Learn all about tarsorrhaphy meaning, indications, procedure and its types. There are many options for restoring eyelid closure in patients with facial paralysis. One treatment option, though not as common as it once was, is known as tarsorrhaphy. Tarsorrhaphy is a surgical procedure in which the eyelids are sewn together partially in order to decrease the size of the opening.
Tarsorrhaphies may be temporary or permanent; in the latter case, raw tarsal edges are created to form a lasting adhesion. They may be total or partial, depending on whether all or only a portion of the palpebral fissure is occluded.
Tarsorrhaphy may be done due to paralysis or weakness of the eyelids so that they cannot close or blink adequately. Bell’s palsy is a nerve condition that weakens the muscles of the face, including the eyelids. It is usually temporary. Myasthenia gravis also weakens facial muscles, but it is usually treatable. A stroke can also weaken eyelids so that they do not close.
Tarsorrhaphy is an outpatient procedure with minimal risk. The recovery period is short and there is little pain involved. It is important to avoid touching or rubbing the eye, as well as wearing makeup, until advised by your doctor. It will also take time to adjust to the limited peripheral vision, which means activities like driving should be avoided until given approval.
People of all ages can suffer from paralysis or corneal diseases that may benefit from tarsorrhaphy. For that reason, physicians can perform tarsorrhaphy on patients of any age. However, it is viewed as a last alternative for many patients, and is not indicated until after other treatments (e.g., patching and eye ointments) have been attempted.
What is Tarsorrhaphy?
Tarsorrhaphy is a procedure in which your eyelids are partially sewn together, narrowing your eye opening. Your eyelids protect the eye from injury and also help cleanse the eye and keep it moist. There are many conditions that can affect these functions and endanger your eye, specifically the cornea. The cornea is the clear window in the front of the eye.
Tarsorrhaphy means an operation to diminish the size of the opening between eyelids when enlarged by surrounding cicatrices.
Central tarsorrhaphies are generally a temporary measure to treat non-healing epithelial defects and neurotrophic ulcers. They may also be required in critically ill, intubated patients with lagophthalmos. Aggressive lubrication and moisture chambers are typically used as primary interventions, but tarsorrhaphy becomes necessary with evidence of progressive exposure keratitis. Lateral tarsorrhaphies are used to reduce ocular surface evaporation by narrowing the horizontal palpebral aperture. They may be used in patients with facial nerve palsies or other pathologies expected to result in long-term exposure-related problems. Some indications for tarsorrhaphy are:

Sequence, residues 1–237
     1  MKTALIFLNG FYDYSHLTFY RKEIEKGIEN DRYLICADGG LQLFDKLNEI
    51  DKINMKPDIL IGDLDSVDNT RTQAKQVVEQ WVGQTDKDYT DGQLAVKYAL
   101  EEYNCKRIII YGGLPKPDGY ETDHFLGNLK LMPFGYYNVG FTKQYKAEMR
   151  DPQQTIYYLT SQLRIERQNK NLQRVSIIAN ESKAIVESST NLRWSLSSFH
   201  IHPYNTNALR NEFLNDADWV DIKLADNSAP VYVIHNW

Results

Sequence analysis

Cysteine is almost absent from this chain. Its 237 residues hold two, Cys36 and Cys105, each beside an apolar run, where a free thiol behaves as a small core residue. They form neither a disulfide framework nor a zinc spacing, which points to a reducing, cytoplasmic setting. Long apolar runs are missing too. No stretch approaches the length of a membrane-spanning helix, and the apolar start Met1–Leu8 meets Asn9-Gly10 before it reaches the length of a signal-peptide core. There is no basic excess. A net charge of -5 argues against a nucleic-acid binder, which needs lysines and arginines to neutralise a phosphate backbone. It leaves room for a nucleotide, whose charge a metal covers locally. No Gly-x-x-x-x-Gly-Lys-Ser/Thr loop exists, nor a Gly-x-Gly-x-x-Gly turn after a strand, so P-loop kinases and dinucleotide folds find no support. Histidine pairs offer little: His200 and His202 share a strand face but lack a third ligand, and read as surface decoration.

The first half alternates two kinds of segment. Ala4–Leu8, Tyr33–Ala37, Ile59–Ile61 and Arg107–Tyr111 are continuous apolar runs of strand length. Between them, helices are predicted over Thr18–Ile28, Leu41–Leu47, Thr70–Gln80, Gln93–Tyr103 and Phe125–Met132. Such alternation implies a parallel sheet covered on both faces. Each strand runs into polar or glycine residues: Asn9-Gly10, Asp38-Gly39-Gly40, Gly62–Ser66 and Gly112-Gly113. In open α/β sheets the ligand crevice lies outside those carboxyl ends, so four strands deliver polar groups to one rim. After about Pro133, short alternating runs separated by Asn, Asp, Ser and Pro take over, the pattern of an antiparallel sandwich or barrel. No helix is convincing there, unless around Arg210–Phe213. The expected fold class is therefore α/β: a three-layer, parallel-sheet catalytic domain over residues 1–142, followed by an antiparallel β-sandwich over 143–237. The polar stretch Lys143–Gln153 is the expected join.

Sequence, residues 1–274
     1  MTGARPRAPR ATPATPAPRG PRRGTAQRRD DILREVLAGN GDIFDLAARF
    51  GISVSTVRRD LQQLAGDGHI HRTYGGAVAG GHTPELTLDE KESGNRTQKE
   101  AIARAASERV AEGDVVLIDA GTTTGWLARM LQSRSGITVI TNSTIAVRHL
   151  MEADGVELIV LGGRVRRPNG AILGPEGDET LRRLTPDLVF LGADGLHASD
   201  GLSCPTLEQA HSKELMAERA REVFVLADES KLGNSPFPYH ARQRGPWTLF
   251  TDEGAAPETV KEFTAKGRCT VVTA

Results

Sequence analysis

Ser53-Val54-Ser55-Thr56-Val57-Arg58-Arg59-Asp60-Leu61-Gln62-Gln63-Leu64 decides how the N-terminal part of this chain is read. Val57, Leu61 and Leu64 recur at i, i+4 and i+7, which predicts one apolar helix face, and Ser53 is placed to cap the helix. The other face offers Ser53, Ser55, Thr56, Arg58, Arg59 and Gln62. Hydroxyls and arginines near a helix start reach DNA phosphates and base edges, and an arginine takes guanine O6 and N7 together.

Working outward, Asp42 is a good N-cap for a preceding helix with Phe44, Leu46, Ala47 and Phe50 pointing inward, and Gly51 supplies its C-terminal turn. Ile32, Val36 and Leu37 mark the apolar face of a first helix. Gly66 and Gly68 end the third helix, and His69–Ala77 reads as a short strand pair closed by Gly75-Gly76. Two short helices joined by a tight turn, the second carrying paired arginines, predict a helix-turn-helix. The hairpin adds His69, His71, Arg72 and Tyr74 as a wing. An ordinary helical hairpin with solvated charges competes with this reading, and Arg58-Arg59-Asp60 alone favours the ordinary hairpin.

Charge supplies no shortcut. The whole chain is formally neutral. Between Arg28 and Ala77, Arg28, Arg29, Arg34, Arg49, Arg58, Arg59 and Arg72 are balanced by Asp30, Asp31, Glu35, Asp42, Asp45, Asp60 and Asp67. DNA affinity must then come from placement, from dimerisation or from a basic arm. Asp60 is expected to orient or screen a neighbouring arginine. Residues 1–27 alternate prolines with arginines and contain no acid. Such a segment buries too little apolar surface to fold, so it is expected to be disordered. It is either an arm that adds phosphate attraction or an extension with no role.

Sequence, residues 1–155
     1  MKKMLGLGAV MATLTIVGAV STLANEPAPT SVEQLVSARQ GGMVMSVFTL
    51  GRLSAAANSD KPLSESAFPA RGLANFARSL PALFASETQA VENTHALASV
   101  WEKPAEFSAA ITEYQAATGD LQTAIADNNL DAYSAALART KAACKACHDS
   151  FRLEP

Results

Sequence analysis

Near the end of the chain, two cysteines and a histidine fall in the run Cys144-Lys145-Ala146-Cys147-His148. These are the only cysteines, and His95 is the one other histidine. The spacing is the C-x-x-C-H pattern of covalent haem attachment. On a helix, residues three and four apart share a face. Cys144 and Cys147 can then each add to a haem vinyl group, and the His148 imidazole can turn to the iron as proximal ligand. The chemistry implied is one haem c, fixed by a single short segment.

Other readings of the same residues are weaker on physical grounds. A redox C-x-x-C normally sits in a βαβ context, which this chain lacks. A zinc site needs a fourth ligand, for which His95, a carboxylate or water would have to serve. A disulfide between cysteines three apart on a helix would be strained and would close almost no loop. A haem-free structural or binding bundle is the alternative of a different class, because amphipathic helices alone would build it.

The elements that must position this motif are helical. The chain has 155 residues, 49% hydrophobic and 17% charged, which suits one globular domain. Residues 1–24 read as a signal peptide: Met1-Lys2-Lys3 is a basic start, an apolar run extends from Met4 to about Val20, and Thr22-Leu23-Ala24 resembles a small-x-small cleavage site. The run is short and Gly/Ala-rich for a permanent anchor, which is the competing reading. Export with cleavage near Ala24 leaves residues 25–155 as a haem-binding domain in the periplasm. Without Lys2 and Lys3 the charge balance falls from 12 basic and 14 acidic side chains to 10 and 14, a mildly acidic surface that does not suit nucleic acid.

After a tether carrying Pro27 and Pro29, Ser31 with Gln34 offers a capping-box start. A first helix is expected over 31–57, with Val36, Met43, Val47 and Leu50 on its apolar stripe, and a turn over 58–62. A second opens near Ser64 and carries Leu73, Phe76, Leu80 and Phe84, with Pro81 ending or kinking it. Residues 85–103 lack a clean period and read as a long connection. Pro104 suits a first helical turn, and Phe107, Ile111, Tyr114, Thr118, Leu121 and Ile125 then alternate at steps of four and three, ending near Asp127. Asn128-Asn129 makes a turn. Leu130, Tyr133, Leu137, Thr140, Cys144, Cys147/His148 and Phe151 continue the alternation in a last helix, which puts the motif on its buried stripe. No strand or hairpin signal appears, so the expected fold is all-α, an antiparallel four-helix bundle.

- Severe, recalcitrant keratopathy, persistent epithelial defect, or corneal thinning resulting from:
- Neurogenic exposure keratopathy (Cranial Nerve (CN) VII palsy)
- Neurotrophic corneal ulceration (CN V deficit, herpes simplex virus (HSV) or varicella zoster virus (VZV) keratitis)
- Severe keratitis sicca
- Progressive corneal thinning or descemetocele
- Limbal stem cell deficiency
- Eyelid abnormalities (e.g., trauma, previous eyelid surgery, cicatricial disease, ectropion and floppy eyelid syndrome)
- Exposure (thyroid eye disease, orbital tumors)
The procedure is performed by carefully stitching the corners of the eyelids together to narrow the opening of the eye. Doing so keeps the cornea from being too exposed, thus giving it vital protection. Additionally, the procedure keeps the eyes lubricated by reducing its exposure to the air.
There are now several methods used to perform tarsorrhaphy. These include the use of:
- Cyanoacrylate glue – The lids may be joined simply by gluing them together using a substance known as cyanoacrylate glue.
- Botulinum toxin – Although more expensive, this effectively freezes the facial muscles near the affected eye.
- Suturing techniques
- Pressure patching
- Drawstring technique – Used mainly in cases where only a temporary effect is needed, this technique allows the eyes to close and open with ease.
- Traditionally, when the conventional suturing method is used, its effects last between two and eight weeks, giving doctors sufficient time to examine and treat the underlying condition. After 8 weeks, all sutures will lose their original tension. If the patient’s condition requires long-term effects, a permanent tarsorrhaphy can be performed, in which a part of the lid margin undergoes debridement to keep the lids sealed or narrowed.
Tarsorrhaphy has three types:
- Simple Suture tarsorrhaphy
- Permanent tarsorrhaphy: A permanent lateral tarsorrhaphy that leaves the central lids open, allowing the patient to see and the eye to be examined.
- Reversible margin annealing tarsorrhaphy.